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You're definitely right about that, and I did think about it. So either I could laboriously take the edges down with a stone, or more quickly with a diamond wheel on the mini-grinder. I could rig some sort of jig so it would just make a 1/16" bevel or something like that. Maybe even the stationary belt sander.
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Old 01-30-2009, 02:40 PM   #11
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Quote:
Originally Posted by cocobolo View Post
You're definitely right about that, and I did think about it. So either I could laboriously take the edges down with a stone, or more quickly with a diamond wheel on the mini-grinder. I could rig some sort of jig so it would just make a 1/16" bevel or something like that. Maybe even the stationary belt sander.

Sounds like you have it under control .. Post a pic or 2 when your done.. look forward to seeing it.
Cheers
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Old 01-30-2009, 03:00 PM   #12
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It may take a little while, as I have to get the concrete poured on the floor first and let it cure for awhile. But I shall post pics in due course.
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Old 01-31-2009, 04:22 PM   #13
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Need a Tile Expert please.


Why hasn't anyone mentioned the use of KERDI Mat. Easyboard is not waterproof and will eventually wick water and it will find its way to the plywood. The end results won't be purdy.

The use of 1/4" cement board with an application of KERDI Mat would totally waterproof the walls. KERDI Mat could also be worked into the receptor and using a KERDI Drain would totally waterproof the entire project.

Obviously the smaller tiles will be necessary but the truth is: If the full 12" tiles were to be used the curve would still be apparent event after giving up the tiny 1/8" behind each 12" tile.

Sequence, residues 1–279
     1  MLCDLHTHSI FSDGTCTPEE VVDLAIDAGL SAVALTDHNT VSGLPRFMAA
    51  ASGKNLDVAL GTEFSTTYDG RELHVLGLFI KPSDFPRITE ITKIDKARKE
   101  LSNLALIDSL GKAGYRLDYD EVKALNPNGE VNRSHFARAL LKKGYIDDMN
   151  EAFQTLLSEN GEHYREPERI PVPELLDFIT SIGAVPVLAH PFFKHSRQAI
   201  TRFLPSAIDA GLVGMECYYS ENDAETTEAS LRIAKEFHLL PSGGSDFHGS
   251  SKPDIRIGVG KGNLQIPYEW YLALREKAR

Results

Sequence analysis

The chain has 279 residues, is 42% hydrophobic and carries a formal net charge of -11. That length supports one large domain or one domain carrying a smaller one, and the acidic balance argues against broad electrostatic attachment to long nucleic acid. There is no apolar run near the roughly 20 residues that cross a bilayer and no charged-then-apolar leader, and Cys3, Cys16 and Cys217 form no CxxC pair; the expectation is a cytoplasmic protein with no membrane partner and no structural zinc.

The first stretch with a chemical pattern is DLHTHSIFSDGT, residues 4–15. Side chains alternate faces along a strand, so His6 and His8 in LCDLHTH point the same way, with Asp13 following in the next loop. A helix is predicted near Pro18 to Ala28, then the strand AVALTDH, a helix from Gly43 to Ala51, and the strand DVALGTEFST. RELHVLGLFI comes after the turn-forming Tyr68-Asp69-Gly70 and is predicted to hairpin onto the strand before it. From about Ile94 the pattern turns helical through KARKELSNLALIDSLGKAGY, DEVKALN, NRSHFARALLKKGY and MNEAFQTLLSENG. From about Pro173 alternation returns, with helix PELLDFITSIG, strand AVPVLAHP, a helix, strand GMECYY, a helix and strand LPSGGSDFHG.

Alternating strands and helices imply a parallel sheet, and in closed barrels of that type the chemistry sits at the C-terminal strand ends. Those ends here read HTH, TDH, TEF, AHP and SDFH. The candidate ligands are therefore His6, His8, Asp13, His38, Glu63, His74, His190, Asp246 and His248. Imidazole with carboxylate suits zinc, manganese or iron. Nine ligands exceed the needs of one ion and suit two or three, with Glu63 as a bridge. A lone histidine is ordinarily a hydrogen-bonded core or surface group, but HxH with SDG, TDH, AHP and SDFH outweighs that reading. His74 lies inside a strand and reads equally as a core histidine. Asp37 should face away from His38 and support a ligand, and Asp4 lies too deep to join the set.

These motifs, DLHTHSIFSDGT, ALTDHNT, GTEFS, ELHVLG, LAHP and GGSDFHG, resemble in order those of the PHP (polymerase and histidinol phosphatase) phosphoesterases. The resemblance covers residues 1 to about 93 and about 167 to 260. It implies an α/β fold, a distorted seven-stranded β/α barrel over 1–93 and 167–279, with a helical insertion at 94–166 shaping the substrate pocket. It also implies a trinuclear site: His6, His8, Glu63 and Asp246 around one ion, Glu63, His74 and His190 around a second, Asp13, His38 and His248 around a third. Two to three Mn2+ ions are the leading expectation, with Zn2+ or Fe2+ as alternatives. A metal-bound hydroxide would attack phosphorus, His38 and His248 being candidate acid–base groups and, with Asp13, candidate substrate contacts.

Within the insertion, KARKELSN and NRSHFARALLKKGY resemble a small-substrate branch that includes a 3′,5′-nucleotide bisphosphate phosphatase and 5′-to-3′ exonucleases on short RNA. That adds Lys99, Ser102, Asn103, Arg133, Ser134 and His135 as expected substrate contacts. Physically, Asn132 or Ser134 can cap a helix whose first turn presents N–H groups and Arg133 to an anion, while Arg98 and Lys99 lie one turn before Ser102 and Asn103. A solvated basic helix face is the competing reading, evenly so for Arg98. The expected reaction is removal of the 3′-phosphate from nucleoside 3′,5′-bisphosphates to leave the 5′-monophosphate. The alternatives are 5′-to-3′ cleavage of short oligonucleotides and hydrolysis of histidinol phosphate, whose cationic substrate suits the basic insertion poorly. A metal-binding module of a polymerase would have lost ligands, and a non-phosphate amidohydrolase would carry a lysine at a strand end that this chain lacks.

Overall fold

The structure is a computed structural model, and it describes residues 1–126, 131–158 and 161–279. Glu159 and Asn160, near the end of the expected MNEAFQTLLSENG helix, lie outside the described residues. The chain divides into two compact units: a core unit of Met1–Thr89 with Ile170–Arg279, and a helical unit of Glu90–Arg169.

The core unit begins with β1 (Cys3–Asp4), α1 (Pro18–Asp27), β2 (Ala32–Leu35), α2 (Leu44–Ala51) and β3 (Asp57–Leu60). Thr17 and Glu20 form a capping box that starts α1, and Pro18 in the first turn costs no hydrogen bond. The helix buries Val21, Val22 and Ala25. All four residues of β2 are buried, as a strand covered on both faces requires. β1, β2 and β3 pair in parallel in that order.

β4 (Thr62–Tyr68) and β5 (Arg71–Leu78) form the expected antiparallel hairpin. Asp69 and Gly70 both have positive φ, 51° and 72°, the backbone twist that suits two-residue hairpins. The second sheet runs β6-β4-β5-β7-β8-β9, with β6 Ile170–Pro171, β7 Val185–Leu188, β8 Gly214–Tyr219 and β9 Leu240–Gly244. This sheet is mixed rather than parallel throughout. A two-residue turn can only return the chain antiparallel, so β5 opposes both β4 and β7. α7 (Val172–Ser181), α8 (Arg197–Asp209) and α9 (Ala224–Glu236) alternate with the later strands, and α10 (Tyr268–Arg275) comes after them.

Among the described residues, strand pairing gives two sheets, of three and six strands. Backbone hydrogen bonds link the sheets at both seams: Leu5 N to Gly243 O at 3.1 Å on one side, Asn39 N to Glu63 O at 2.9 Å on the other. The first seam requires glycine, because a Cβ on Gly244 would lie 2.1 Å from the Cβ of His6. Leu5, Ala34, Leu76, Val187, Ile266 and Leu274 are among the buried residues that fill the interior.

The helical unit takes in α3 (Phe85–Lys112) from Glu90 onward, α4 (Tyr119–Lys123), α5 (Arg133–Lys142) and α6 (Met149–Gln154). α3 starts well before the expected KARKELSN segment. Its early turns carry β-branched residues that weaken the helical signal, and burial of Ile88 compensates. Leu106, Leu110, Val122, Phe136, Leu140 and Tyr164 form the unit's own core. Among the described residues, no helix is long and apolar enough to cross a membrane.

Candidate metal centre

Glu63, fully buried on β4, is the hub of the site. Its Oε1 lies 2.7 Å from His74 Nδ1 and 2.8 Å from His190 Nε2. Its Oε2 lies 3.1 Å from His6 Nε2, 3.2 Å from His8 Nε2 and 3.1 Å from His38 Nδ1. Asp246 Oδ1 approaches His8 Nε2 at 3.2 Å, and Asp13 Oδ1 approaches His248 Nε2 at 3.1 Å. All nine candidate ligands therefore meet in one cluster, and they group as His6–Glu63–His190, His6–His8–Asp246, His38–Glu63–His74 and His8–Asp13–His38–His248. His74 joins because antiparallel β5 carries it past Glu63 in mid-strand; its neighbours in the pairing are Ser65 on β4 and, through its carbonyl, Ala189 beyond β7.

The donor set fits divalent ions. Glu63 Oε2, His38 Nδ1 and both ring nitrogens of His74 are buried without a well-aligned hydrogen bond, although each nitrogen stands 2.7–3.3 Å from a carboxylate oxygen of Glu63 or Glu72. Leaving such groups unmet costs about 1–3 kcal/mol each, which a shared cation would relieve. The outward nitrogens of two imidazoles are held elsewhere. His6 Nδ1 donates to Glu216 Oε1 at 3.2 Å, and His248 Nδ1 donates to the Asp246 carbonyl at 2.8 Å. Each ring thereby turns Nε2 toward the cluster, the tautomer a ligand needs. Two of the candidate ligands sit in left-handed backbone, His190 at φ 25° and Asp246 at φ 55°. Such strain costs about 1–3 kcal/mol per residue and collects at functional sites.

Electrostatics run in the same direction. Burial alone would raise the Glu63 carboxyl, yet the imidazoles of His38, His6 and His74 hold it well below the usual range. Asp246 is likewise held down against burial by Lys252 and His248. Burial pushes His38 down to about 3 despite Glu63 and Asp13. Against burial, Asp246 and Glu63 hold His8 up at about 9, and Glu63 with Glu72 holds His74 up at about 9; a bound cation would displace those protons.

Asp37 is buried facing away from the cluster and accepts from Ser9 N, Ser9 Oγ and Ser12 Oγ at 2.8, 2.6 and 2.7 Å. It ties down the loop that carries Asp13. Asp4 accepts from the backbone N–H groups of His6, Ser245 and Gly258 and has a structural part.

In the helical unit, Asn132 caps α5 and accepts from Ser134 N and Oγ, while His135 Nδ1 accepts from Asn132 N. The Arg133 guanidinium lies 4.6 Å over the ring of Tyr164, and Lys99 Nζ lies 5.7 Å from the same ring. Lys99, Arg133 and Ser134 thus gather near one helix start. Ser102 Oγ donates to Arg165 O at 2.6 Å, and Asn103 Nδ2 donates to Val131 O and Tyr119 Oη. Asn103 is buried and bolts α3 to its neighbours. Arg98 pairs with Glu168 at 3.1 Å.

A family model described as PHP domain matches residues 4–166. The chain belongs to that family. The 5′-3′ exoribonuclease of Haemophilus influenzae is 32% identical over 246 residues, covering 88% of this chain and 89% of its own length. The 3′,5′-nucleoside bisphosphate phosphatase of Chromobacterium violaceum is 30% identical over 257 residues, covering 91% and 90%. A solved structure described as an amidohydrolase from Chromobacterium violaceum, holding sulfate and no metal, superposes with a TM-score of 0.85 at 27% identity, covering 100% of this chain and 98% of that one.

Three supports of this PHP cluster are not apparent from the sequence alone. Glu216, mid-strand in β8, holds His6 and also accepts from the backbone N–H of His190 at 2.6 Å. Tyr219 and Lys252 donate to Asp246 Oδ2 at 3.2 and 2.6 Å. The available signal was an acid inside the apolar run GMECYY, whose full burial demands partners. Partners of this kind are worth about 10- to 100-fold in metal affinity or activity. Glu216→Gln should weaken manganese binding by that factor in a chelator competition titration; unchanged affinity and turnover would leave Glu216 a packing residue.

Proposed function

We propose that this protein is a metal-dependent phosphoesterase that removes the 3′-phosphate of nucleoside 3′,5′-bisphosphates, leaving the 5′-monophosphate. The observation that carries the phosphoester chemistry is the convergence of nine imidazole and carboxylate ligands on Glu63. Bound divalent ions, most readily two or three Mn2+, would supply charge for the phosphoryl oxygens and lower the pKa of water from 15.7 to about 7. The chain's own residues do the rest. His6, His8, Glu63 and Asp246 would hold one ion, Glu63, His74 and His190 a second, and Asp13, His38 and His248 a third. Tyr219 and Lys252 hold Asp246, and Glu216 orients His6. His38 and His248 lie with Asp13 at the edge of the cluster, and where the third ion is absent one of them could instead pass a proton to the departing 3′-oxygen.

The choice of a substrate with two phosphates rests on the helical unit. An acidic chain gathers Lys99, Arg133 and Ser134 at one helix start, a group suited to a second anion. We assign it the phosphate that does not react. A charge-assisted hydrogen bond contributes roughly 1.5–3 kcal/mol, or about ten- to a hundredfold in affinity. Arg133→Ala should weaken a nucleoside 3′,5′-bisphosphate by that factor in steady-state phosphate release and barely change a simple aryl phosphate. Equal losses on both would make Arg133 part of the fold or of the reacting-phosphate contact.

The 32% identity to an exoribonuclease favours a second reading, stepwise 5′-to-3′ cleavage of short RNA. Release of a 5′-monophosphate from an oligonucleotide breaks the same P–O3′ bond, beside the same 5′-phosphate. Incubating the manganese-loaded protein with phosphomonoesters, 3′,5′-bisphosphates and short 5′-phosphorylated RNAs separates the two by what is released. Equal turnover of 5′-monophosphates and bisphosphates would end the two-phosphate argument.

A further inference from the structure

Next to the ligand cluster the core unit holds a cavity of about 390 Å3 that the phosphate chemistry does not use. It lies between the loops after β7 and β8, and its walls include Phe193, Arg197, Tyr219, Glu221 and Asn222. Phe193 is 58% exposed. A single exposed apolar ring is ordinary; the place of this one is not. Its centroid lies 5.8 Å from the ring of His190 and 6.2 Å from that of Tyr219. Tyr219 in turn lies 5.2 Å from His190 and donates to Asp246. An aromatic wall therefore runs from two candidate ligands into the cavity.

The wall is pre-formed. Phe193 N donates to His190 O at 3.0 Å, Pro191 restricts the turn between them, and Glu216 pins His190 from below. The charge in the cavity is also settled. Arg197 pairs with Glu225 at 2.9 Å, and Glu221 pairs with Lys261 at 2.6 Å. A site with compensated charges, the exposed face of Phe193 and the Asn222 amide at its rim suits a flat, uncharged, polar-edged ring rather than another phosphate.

I don't see where Custom Building Products is giving you a "fare shake". It seems their utmost desire is for you to buy their product, damn the technique. Next time you talk to them be sure to ask for Anthony and tell him I sent you. Anthony is a very perceptive kinda guy and will likely understand the total project.

The cost of the EasyBoard isn't necessary in this case when less expensive cement board will work fine and follow the curve easily. Cement board also isn't waterproof but it is an excellent "tooth" for the installation of the KERDI Mat. The KERDI Mat could be applied directly to the plywood but if it has been painted I wouldn't recommend that procedure.
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Old 01-31-2009, 09:16 PM   #14
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Thanks Bud. Apparently, I can put 6 mil poly behind the easyboard for waterproofing.
It's looking more and more to me like the easiest solution is to turn the shower into a closet and just use the bathtub upstairs!!!
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Old 01-31-2009, 11:19 PM   #15
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The "poly" (when used) is intended to be a moisture barrier only, NOT A WATERPROOFING.

I don't see any way for you to do a conventional two-cast receptor using a poly moisture barrier the way you have things set up now. You are heading down a slippery slope and there is no ski patrol on that side of the mountain. Better go back to the bunny-hill for more training.